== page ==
Saturday, February 7, 2015

Here's what

Two (ok, three) thoughts:
Reading quite a bit-and all of a sudden have a greater interest not only in procuring books, but in actually reading them.
Middlemarch-ypu, it's taken me a lot to get started with this Victorian novel-which some consider one of the finest books ever written-and i am engrossed in it and almost don't want it to end…this surprising, as for quite a while I checked my progress via the bookmark's trudging through the pile of pages.
I'll begin-once again-The Recognitions-the William Gaddis book, which is another monster which  promises the same sort of conclusions and sense that Gravity's Rainbow held for me (NOT-I never have yet finished that one).
Roberto Bolano lost me with his Primitive Detectives story and I've been swamped even by many short stories-dunno what accounts for this most recent interest in sitting up straight by a good strong light and giving myself to another's narrative.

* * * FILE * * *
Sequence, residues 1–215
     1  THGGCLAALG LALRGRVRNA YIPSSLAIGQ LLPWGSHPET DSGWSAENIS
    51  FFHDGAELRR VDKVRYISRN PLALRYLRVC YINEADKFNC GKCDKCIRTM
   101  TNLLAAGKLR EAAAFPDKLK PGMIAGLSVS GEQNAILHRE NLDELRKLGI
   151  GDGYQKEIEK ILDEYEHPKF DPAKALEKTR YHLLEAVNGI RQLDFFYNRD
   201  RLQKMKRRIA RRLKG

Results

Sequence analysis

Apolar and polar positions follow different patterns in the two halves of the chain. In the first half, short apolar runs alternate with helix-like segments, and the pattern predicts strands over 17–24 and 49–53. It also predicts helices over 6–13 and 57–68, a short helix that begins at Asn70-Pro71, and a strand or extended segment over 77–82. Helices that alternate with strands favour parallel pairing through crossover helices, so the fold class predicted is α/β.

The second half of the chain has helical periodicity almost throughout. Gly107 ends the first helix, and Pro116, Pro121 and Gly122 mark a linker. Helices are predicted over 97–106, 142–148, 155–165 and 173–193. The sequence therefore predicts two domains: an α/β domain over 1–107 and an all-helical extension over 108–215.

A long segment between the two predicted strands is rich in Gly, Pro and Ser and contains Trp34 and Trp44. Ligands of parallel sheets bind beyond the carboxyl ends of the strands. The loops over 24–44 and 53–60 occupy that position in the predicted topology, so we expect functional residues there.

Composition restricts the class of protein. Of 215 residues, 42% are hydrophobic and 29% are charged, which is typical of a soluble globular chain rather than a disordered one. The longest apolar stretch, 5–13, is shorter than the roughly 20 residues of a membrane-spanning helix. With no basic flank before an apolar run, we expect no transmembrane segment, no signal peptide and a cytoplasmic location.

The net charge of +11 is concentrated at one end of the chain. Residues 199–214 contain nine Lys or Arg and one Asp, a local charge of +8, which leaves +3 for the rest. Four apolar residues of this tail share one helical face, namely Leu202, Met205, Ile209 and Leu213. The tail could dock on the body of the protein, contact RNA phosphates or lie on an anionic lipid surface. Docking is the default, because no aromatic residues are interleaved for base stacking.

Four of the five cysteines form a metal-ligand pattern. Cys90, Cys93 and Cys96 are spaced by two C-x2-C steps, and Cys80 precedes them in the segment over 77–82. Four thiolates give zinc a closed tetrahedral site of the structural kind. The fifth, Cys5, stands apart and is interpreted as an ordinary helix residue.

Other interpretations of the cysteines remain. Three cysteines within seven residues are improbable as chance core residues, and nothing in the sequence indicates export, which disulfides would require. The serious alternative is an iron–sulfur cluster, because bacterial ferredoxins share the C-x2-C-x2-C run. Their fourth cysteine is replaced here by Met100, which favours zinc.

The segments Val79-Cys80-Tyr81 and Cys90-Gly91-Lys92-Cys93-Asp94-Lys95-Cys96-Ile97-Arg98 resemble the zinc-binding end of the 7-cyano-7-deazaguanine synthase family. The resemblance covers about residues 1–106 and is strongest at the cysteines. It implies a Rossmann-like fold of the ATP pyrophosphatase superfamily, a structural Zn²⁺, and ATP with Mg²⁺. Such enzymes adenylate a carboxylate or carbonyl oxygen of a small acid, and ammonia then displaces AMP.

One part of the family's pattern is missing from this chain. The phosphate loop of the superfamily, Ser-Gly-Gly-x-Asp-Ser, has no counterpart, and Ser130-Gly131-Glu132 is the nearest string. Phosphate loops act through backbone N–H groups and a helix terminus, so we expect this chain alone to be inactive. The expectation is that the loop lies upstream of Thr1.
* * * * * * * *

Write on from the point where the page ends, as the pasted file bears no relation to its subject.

I'm so fucking disillusioned with my art and the art "world" and what is considered good lately. No, i know I shouldn't be: I'm too damn old and "wise" (or is that wizened?) to mistake that path… how, at this age, could I see it laden with jewels as opposed to the reality, which is to know that it's laden with blood and body parts. S'pose I tired of  the self-admonition this week (Shut up and keep working) and demanded to know why the hell nobody even casts a glance at what i'm doing. Some days it really all is one big joke.
Writing this in order to prime the pump and start writing again- suffering in silence is for the birds and why not turn these black thoughts into words, paragraphs, letters? I still believe that anger is an energy.

Monday, August 18, 2014

Rebuilt